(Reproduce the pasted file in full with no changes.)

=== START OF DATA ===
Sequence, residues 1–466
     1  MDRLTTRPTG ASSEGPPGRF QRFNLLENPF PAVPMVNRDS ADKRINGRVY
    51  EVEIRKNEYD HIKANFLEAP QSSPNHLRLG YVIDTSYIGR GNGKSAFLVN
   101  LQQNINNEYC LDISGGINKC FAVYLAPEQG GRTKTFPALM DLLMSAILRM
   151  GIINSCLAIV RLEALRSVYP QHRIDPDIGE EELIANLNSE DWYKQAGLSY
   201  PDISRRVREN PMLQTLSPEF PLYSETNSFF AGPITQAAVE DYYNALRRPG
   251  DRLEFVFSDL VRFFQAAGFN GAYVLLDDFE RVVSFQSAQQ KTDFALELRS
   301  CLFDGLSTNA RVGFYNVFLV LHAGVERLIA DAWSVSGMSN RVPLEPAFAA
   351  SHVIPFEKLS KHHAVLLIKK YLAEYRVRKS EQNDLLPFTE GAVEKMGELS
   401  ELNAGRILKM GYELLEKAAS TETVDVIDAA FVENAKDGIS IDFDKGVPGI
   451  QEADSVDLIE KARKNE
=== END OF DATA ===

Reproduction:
Sequence, residues 1–466
     1  MDRLTTRPTG ASSEGPPGRF QRFNLLENPF PAVPMVNRDS ADKRINGRVY
    51  EVEIRKNEYD HIKANFLEAP QSSPNHLRLG YVIDTSYIGR GNGKSAFLVN
   101  LQQNINNEYC LDISGGINKC FAVYLAPEQG GRTKTFPALM DLLMSAILRM
   151  GIINSCLAIV RLEALRSVYP QHRIDPDIGE EELIANLNSE DWYKQAGLSY
   201  PDISRRVREN PMLQTLSPEF PLYSETNSFF AGPITQAAVE DYYNALRRPG
   251  DRLEFVFSDL VRFFQAAGFN GAYVLLDDFE RVVSFQSAQQ KTDFALELRS
   301  CLFDGLSTNA RVGFYNVFLV LHAGVERLIA DAWSVSGMSN RVPLEPAFAA
   351  SHVIPFEKLS KHHAVLLIKK YLAEYRVRKS EQNDLLPFTE GAVEKMGELS
   401  ELNAGRILKM GYELLEKAAS TETVDVIDAA FVENAKDGIS IDFDKGVPGI
   451  QEADSVDLIE KARKNE